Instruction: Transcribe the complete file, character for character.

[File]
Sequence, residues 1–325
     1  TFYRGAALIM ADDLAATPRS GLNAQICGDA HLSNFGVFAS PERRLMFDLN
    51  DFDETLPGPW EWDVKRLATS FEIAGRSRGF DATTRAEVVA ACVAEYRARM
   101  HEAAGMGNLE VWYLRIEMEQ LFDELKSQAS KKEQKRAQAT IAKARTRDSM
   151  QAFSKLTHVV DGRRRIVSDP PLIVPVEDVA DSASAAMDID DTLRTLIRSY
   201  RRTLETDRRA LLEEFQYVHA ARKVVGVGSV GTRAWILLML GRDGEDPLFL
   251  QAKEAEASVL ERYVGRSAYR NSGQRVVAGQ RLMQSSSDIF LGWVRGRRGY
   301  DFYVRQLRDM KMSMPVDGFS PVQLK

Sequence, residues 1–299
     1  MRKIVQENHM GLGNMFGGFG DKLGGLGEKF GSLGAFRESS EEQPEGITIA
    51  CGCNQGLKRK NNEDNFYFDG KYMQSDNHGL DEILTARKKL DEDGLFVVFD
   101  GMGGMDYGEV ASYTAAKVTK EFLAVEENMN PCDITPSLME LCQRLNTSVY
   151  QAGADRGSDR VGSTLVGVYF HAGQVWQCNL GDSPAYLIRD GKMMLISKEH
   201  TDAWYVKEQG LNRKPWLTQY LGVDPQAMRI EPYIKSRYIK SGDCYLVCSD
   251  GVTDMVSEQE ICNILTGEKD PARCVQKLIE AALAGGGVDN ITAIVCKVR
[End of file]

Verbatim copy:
Sequence, residues 1–325
     1  TFYRGAALIM ADDLAATPRS GLNAQICGDA HLSNFGVFAS PERRLMFDLN
    51  DFDETLPGPW EWDVKRLATS FEIAGRSRGF DATTRAEVVA ACVAEYRARM
   101  HEAAGMGNLE VWYLRIEMEQ LFDELKSQAS KKEQKRAQAT IAKARTRDSM
   151  QAFSKLTHVV DGRRRIVSDP PLIVPVEDVA DSASAAMDID DTLRTLIRSY
   201  RRTLETDRRA LLEEFQYVHA ARKVVGVGSV GTRAWILLML GRDGEDPLFL
   251  QAKEAEASVL ERYVGRSAYR NSGQRVVAGQ RLMQSSSDIF LGWVRGRRGY
   301  DFYVRQLRDM KMSMPVDGFS PVQLK

Sequence, residues 1–299
     1  MRKIVQENHM GLGNMFGGFG DKLGGLGEKF GSLGAFRESS EEQPEGITIA
    51  CGCNQGLKRK NNEDNFYFDG KYMQSDNHGL DEILTARKKL DEDGLFVVFD
   101  GMGGMDYGEV ASYTAAKVTK EFLAVEENMN PCDITPSLME LCQRLNTSVY
   151  QAGADRGSDR VGSTLVGVYF HAGQVWQCNL GDSPAYLIRD GKMMLISKEH
   201  TDAWYVKEQG LNRKPWLTQY LGVDPQAMRI EPYIKSRYIK SGDCYLVCSD
   251  GVTDMVSEQE ICNILTGEKD PARCVQKLIE AALAGGGVDN ITAIVCKVR